I always love telling the story about my first day at Univiçosa. When I arrived to class, the professor immediately started to lecture about the upcoming semester and what the class will be like. I was understanding bits and pieces of the lecture, but definitely was missing something. The professor kept saying this one word “comportamento,” probably about 50 times. I had no idea what it meant and for the rest of the class it became sort of a mystery game to figure it out. I finally discovered “comportamento” meant “behavior.” Ironically enough, I later found out the title of the class was Behavioral Analysis and that the entirely of the class was about “comportamento.”
I’d say this story encompasses a lot of experiences I have had since the beginning of my exchange. A lot of things are lost in translation and many times I have no idea what is going on, but slowly day by day I’m learning more and more about Brazil and the Portuguese language. I’ve found that I can hold longer and more profound conversations. I’ve found that it’s getting easier to connect with people and forge deeper relationships with those around me. It all depends on me being open to putting myself out there, unafraid to make mistakes.
I’ve also learned to appreciate my host family and each and every friend I’ve made, because those are the people who are supporting me. Something as simple as going to the open market with my host mom to buy groceries is valuable. I’ve also learned to be more flexible and malleable, because not everything is going to go as planned. I have had to accept that and realize it’s inevitable, but on the other hand, things I never even fathomed before exchange have also happened. That’s what I think is absolutely incredible. Yes, I won’t lie. There are days that are harder than others, where I may feel alone, miss things, or make mistakes with my host family. But these are the things that make exchange matter, that make exchange significant. It’s a chance to seek discomfort. It’s the opportunity rotary gives you to change your life forever.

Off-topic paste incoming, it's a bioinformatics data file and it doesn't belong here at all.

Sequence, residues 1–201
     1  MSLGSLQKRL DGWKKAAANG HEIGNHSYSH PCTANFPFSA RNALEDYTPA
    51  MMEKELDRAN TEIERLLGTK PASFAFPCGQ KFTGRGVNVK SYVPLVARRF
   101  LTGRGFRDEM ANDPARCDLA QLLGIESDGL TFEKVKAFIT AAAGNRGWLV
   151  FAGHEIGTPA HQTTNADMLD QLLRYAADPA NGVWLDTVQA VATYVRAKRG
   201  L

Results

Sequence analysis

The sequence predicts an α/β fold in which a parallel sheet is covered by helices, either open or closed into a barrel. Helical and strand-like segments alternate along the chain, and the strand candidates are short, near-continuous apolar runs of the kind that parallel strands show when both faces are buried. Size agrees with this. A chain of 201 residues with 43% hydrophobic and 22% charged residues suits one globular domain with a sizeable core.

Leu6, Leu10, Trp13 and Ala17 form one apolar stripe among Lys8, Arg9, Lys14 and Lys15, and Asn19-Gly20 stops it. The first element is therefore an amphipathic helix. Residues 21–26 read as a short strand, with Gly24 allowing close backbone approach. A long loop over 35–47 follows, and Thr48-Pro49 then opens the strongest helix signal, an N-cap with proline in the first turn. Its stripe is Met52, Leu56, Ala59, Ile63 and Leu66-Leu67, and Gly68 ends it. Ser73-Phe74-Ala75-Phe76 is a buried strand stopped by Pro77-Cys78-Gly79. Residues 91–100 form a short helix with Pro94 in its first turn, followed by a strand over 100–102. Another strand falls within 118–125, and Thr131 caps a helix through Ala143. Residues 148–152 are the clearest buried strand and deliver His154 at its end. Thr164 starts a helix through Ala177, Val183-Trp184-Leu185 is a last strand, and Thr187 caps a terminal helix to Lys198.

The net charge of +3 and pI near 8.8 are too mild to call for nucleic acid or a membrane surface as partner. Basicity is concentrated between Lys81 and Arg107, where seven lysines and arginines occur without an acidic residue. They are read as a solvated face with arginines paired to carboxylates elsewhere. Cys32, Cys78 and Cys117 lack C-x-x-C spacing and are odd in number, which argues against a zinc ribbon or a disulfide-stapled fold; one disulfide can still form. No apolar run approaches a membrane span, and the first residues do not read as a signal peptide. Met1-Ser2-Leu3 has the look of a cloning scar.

This past weekend D-4580 had its first orientation. The ten exchange students in my district met in a city called Juiz de Fora. From there we drove to our coordinator’s farm in the countryside. It was an absolutely incredible weekend. It was my first time meeting the other exchange students in my district and we all immediately hit it off. At the farm we hiked, rode horses, had a churrasco, picked farm fresh eggs and mandioca, and much more. I will never forget the trip and I got to meet many Rotarian in the district who are supporting me. Our last night, our coordinator, Juliana, and her husband told us the history of the farm, showing us tools and objects they found over half a century old. One object that was especially interesting was an unopened glass bottle of snake venom antidote that had expired 50 years ago.
Over all I’d say that my experience here has been beyond anything I could have imagined. I’m not going to lie and say that everything has been easy, because it’s not. Coming here, it has been up to me to adjust, learn the language and make stronger relationships. It has been one of the hardest challenges I’ve faced in my life. But it’s these challenges and slowly overcoming them that is the most rewarding achievement.